Math Puzzle!

Take the digits 5, 4, 3, 2 and 1, in that order. Using those digits and the four arithmetic signs — plus, minus, times and divided by — you can get 1 with the sequence 5 – 4 + 3 – 2 – 1. You can get 2 with the sequence (5 – 4 + 3 – 2) x 1.

The question is … how many numbers from 1 to 40 can you get using the digits 5, 4, 3, 2, and 1 in that order along with the four arithmetic signs?

You can group digits with parentheses, as in the example. There are no tricks to this, though. It’s a straightforward puzzle. How many numbers from 1 to 40 can you get — and, specifically, what number or numbers can you not get?

Problem of the Week Grades 1-3

If the letter a= 1 cent, b= 2 cents, c= 3 cents, and so on up to z= 26
cents, how many $1.00 words can you make

Arrange all the integers from 1 to 9 in such a way that the numbers total
100 exactly.  

Here's an example:

     12 + 3 + 4 + 5 - 6 - 7 + 89 = 100

You don't have to keep the numbers in order and you can use any 
operations to get your answer. 

How many combinations can you find?

Few Factors…Many Multiples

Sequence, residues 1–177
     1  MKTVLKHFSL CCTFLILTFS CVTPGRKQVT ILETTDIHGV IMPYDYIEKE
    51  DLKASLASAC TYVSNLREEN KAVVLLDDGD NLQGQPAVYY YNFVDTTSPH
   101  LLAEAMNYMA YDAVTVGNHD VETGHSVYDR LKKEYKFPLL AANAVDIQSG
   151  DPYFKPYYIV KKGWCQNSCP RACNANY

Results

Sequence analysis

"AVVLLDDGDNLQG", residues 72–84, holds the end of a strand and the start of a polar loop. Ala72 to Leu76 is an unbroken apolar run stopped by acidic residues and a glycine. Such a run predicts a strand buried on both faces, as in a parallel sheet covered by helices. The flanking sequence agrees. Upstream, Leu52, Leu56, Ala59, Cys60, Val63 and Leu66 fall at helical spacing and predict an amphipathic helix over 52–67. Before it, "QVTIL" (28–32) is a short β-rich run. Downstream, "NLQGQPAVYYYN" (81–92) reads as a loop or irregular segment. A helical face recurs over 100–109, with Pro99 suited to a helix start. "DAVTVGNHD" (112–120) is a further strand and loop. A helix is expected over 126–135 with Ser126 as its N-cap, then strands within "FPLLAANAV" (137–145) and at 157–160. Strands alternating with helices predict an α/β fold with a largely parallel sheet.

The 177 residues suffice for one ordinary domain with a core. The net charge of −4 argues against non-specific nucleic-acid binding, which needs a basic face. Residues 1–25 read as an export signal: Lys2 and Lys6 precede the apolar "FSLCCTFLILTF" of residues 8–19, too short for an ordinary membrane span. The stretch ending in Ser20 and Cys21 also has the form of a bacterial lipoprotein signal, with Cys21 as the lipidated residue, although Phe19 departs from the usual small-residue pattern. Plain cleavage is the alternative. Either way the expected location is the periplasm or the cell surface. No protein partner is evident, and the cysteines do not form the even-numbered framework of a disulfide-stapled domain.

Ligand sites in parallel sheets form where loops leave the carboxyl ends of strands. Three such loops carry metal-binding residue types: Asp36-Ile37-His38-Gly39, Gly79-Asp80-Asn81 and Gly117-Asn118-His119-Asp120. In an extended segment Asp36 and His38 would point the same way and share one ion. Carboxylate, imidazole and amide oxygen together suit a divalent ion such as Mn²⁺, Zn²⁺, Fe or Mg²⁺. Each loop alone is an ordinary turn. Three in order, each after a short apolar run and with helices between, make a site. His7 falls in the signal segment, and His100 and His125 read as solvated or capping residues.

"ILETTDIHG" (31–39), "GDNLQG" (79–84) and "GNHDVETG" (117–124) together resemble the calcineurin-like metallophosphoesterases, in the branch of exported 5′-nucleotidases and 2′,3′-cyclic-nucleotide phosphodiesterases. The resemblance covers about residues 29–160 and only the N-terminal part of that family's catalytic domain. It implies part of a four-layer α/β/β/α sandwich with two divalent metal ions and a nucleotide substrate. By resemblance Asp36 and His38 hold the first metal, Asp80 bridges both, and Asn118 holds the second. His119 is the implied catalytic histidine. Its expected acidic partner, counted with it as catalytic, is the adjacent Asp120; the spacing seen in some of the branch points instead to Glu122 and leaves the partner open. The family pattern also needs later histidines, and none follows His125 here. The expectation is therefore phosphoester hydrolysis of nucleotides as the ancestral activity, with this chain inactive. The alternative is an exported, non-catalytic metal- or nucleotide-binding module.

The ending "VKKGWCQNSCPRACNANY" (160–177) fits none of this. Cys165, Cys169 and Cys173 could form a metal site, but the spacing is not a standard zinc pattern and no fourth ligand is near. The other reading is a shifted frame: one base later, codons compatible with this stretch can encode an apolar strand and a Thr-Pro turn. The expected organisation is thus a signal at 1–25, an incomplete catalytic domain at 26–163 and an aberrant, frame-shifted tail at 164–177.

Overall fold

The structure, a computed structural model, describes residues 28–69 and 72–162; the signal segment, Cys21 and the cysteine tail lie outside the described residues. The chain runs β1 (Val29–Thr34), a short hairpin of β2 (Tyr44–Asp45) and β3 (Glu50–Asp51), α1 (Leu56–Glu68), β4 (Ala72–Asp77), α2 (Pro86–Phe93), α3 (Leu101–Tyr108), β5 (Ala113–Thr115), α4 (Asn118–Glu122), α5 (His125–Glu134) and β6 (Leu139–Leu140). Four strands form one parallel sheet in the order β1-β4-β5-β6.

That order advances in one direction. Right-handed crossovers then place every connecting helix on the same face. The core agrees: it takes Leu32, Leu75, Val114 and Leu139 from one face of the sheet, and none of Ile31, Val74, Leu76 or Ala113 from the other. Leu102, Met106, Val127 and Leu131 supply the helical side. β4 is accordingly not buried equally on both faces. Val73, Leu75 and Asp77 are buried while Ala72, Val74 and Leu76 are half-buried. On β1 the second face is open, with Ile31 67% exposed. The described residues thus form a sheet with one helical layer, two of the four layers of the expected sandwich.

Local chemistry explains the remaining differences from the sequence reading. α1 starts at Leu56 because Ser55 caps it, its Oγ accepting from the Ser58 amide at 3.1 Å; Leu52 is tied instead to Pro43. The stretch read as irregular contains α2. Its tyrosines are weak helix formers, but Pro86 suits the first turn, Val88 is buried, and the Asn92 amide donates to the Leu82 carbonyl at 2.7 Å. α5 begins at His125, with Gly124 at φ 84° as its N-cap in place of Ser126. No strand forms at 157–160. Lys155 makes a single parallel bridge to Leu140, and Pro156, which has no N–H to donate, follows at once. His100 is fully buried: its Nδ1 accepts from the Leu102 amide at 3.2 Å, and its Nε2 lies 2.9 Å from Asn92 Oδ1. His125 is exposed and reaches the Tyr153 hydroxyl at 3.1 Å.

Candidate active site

The fourth grade students have been exploring factors and multiples.  Their interest in factor trees and factor rainbows inspired some additional work on greatest common factors and least common multiples! Using their factor trees, the fourth graders have learned to find the prime factorization of a number which is helpful in determining the GCF and LCM of large numbers!

photo 5

We have learned that the minds of are our classmates can be very helpful when solving a problem! 

Problem Solving in 1st Grade

The first graders are becoming a great group of problem solvers!  They have learned to approach difficult math tasks by using the different problem solving strategies we have practiced in class!  The Navigate students have learned to draw pictures, use objects, make tables, and find patterns to take on new and challenging math tasks!  photo 1 (1) photo 3 (2)